Hacking ANY Smartphone is Far Easier Than Most People Realize

Discussion in 'Android News' started by dgstorm, Apr 19, 2016.

  1. dgstorm

    dgstorm Editor in Chief
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    If this 60 Minutes episode is accurate, then the possibility of our smartphones getting hacked is far scarier than most people realize. According to the segment from 60 Minutes, smartphones are so easily hacked that you can be tracked, your personal and credit card information stolen, your texts can be read and even your phone calls can be monitored and recorded.

    As an experiment for the show, CBS used a brand new Apple iPhone which was given to Representative Ted Lieu (D-Calif.). Then, while he used it as his daily driver, they gave the phone number to the researchers at Security Research Labs with instructions to hack into the device. To be clear, the only piece of info they were given was the phone number used on the handset.

    With only that, the researchers were able to track the congressman's movements and intercept and record his phone calls. They were also able to listen in on both sides of a phone call made by the 60 Minutes reporter to the congressman.

    When the folks at 60 Minutes asked the researchers which phone was safer, iPhone or Android, the response was "all phones are the same." The reason for this is because this hack used something called Signaling System 7 (SS7), which is a protocol used to connect phone carriers around the world. A vulnerability in that fundamental system is what gave the researchers complete access. The only bright lining is that knowledge of the SS7 flaw is not widespread, so the blackhats of the world are not taking advantage of it, yet.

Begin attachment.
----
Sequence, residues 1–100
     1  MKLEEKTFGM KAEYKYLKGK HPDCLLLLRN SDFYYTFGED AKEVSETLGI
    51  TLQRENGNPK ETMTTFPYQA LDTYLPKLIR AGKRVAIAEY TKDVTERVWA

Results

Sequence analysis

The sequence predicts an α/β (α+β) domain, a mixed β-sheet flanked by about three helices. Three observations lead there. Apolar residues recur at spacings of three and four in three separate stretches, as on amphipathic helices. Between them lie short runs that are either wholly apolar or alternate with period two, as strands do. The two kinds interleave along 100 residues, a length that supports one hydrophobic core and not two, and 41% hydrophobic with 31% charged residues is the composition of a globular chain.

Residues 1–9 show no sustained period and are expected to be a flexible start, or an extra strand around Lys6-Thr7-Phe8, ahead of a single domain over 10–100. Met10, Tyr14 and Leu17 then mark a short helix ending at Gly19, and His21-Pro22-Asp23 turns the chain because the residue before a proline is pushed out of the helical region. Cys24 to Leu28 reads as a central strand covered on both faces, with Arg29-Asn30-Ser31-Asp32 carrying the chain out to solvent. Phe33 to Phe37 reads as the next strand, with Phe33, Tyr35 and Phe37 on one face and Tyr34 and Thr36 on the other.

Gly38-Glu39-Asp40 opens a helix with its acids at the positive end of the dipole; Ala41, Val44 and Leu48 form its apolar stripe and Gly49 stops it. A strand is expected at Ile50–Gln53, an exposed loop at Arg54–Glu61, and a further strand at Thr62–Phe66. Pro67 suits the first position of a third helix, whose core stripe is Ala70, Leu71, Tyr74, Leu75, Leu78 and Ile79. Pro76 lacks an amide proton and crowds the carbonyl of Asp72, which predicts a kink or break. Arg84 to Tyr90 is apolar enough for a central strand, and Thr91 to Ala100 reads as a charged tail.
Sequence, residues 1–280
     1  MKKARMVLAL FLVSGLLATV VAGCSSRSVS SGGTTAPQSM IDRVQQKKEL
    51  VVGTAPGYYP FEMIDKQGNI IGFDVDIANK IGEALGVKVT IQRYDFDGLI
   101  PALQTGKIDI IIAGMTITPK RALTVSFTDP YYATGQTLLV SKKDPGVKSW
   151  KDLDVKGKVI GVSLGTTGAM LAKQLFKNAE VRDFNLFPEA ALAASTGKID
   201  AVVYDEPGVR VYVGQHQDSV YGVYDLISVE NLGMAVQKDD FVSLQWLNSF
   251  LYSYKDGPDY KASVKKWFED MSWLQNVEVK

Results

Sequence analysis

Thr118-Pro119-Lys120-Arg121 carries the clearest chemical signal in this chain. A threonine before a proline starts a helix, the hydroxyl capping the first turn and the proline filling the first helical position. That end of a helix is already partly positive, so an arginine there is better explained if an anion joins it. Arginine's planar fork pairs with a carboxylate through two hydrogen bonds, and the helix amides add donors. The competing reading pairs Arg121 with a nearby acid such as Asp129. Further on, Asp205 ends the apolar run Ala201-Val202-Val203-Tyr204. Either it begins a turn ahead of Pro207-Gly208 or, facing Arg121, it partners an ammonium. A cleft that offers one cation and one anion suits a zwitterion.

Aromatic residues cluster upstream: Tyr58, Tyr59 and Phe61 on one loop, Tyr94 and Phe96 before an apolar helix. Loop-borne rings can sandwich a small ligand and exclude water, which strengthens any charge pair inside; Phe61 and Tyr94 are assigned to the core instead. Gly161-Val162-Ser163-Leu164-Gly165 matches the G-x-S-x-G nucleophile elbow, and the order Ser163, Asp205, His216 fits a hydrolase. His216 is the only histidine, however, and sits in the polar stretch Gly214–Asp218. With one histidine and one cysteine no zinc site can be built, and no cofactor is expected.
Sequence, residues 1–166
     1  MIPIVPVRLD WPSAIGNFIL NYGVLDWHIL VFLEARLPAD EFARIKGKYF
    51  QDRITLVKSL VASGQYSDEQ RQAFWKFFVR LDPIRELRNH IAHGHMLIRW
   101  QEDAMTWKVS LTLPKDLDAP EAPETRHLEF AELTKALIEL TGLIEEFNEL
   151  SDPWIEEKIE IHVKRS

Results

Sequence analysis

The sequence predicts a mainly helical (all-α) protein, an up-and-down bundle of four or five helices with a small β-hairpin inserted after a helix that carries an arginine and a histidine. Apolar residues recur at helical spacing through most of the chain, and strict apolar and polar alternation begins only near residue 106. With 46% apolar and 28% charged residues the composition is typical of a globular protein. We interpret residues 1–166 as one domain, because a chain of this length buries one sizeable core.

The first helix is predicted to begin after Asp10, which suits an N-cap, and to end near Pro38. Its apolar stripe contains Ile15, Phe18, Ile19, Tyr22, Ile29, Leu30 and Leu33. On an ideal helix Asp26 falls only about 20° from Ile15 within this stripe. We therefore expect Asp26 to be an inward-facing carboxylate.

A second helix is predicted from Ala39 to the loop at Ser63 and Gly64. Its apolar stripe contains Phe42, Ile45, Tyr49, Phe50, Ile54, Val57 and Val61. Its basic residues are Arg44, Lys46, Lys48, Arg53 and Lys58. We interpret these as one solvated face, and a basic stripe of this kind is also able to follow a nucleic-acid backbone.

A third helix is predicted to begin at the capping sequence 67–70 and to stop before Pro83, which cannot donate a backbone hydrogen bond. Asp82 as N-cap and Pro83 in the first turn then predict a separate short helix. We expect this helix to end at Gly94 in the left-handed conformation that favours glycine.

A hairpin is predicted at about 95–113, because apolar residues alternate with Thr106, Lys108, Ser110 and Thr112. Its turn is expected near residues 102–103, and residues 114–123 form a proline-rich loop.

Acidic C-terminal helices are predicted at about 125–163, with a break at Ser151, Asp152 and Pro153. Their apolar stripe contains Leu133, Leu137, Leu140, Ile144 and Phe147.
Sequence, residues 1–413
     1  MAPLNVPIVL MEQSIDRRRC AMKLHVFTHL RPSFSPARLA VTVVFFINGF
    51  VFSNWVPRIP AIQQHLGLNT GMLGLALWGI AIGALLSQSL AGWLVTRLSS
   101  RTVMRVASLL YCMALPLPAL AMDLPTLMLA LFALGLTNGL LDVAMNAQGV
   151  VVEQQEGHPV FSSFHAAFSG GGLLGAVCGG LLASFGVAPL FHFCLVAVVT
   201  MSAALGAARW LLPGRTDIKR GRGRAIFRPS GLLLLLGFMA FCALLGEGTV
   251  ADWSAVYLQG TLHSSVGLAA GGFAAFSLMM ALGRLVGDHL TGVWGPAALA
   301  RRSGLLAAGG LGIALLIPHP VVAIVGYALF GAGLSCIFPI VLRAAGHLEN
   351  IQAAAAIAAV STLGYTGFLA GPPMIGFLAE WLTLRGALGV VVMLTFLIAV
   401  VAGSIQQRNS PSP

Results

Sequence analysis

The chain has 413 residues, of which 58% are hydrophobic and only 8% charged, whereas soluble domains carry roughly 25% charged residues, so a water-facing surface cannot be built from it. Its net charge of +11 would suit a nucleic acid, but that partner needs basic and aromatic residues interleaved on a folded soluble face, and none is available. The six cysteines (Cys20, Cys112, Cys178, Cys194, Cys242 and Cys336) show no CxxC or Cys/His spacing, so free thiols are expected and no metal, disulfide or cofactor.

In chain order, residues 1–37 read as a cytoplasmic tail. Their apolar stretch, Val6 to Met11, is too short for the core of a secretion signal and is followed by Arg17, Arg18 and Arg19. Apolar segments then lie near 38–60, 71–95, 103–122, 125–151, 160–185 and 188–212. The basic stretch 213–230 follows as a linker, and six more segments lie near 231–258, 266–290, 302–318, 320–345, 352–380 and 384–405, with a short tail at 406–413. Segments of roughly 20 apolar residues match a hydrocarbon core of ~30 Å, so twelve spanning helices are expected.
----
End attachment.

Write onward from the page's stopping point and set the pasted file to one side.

This remote phone hacking wasn't the only example which was shared by the investigators at 60 Minutes. They also employed the services of Lookout co-founder John Hering, whose group was tasked with hacking into the reporter's handset in a hotel room in Las Vegas. Using a spoof hack of the hotel's Wi-Fi landing page, Hering's team cracked the reporter's handset in minutes, gaining full access to her email, credit card numbers and more.

    Ultimately, it seems like the world of smartphones is far less secure than we think it is, although it's possible the 60 Minutes program paints an exaggerated picture of how bad things currently are. One thing's for sure, most likely we will see even more smartphone hacking crimes in the future. Luckily, we will also likely see more security companies rise to take on the challenge of changing that paradigm. What do you folks think? Is this something to be scared of, or do you have faith it will get worked out before you need to worry about it?

    Source: CBS - 60 Minutes
     
  2. JohnDroid

    JohnDroid Administrator
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    If they are in fact hacking SS7, the ability to do this same thing has been present for decades. SS7 has been in use with land lines since I can remember. the AT&T 5ESS switch that is a common switch for entire towns uses it... and the 5E has been around since 1982.

    It's a bit scarier that because of mobile they know your exact location at all times...
     
  3. cereal killer

    cereal killer Administrator
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    Crazy..I actually watched this on Sunday. After Representative Ted Lieu saw how easy it was for them to gain access to his calls and listen in on everything he got visibly upset. He wasn't a happy camper at all.

    I'm pretty jaded and always figured our smart phones weren't secure, so it came as no shock. They do need to do something to fix this problem.
     
  4. mountainbikermark

    mountainbikermark Super Moderator
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    So much for not widely known yet

    This is why I'm against non removable batteries.

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